The Canadian Broadcasting Corporation is hemorrhaging billions of dollars after losing the rights to Hockey Night In Canada, according to an internal federal memo.
According to Blacklock’s Reporter, the television network is out more than $2 billion after losing the 12-year licensing rights to Hockey Night In Canada. The memo, which was obtained via Access To Information, contradicts claims by network executive that the HNIC contract was only worth a “few dollars.”
In a confidential report, the CBC claims it remains “the cornerstone of culture and democracy” despite the large loss in ad revenue.
“The loss of hockey is going to have serious financial consequences,” said ex-CBC exec vice-president Richard Stursberg while testifying to the Senate communications committee. “You not only lose the profits from hockey, you also lose your capacity to sell the rest of your advertising at reasonable prices.”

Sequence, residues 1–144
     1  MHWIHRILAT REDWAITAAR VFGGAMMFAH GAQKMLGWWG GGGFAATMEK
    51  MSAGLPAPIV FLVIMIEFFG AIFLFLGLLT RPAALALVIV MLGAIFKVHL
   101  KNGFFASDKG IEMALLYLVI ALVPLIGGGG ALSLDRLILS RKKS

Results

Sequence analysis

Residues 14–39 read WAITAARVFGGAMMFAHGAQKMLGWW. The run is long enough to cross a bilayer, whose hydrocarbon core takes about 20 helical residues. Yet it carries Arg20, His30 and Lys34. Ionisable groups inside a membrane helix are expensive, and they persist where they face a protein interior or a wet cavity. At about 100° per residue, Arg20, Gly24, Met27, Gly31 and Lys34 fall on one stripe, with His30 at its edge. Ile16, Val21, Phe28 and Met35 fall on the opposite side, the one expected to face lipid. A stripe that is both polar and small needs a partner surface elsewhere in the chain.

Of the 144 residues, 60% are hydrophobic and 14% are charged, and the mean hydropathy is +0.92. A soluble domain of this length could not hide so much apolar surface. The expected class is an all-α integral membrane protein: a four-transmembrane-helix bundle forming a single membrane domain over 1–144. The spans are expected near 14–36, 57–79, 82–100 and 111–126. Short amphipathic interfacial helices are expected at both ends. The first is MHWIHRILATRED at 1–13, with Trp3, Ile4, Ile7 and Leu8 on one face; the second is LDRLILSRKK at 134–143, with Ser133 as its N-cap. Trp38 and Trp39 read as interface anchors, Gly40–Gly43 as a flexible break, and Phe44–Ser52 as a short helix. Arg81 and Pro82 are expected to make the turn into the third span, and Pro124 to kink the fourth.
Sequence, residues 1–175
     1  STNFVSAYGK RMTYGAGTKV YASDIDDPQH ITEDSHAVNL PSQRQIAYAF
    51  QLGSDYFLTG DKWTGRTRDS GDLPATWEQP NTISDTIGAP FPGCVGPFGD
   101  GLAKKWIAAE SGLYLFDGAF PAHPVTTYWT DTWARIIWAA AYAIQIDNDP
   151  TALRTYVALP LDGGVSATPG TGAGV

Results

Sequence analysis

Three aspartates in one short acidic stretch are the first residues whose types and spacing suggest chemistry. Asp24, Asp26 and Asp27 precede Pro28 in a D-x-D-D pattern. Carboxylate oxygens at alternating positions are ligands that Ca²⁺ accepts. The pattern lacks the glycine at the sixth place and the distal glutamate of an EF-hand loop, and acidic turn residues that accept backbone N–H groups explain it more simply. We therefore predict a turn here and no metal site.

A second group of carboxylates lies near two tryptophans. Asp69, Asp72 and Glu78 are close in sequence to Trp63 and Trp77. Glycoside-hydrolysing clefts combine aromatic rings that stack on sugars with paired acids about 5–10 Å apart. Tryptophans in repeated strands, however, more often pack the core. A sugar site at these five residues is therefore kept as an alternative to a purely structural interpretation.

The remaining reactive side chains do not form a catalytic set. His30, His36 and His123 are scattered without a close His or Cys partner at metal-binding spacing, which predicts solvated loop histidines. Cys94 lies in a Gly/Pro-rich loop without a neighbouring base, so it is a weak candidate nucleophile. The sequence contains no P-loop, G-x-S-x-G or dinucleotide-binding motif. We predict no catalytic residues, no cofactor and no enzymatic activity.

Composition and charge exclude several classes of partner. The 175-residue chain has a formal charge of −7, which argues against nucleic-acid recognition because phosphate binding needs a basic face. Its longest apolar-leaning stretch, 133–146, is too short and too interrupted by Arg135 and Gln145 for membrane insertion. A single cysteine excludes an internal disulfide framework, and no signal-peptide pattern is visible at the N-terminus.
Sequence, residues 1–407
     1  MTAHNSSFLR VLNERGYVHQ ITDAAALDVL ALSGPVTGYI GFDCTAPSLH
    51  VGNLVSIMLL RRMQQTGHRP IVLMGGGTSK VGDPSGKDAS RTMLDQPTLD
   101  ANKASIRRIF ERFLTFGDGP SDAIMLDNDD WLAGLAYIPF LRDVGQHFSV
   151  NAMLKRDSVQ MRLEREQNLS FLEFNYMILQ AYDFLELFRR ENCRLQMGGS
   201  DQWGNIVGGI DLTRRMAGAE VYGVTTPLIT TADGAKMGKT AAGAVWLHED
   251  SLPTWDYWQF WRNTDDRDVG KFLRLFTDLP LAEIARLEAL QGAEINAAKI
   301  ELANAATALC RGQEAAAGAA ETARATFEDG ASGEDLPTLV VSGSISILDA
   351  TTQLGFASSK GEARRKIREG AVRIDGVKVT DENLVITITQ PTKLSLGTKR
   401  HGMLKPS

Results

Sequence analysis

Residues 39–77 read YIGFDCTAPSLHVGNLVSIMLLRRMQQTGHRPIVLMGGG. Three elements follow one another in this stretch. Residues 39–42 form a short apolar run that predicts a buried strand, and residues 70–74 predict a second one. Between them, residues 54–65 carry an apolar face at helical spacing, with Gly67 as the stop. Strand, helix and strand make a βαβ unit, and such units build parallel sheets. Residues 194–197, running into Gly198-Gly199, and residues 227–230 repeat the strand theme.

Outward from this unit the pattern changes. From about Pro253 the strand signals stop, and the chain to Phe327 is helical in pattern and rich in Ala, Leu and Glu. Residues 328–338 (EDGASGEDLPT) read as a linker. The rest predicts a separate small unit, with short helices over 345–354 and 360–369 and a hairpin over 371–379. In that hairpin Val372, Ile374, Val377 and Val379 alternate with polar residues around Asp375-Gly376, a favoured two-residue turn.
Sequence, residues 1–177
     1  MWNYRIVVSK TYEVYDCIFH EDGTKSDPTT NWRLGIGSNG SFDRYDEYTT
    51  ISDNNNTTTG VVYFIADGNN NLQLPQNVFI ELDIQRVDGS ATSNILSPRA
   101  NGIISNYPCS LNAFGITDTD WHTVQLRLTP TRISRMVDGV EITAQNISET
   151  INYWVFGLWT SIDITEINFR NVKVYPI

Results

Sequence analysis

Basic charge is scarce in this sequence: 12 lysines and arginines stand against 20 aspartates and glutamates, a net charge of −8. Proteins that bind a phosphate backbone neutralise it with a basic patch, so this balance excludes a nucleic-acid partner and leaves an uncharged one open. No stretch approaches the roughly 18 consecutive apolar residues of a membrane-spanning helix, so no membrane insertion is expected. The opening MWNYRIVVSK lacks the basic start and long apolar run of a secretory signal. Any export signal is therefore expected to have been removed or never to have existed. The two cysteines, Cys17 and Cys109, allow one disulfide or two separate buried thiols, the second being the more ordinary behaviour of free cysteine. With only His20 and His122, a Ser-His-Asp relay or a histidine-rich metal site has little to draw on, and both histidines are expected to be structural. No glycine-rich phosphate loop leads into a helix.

“The way you would do it is you’d say, ‘If you would like to have hockey, then you have to buy this dog over here that nobody wants.’ I would say, ‘But I don’t want the dog,’ and you would say: ‘I’m sorry, you have to take the dog if you want the hockey,’” Stursberg testified. “So, hockey is not only important in its own right, it’s important because it props up the rest of the advertising sales.”
CBC’s main revenue source is a $1.2 billion annual parliamentary grant. Last year, the network saw ad revenues drop by 37%, from $178 million to $112.5 million.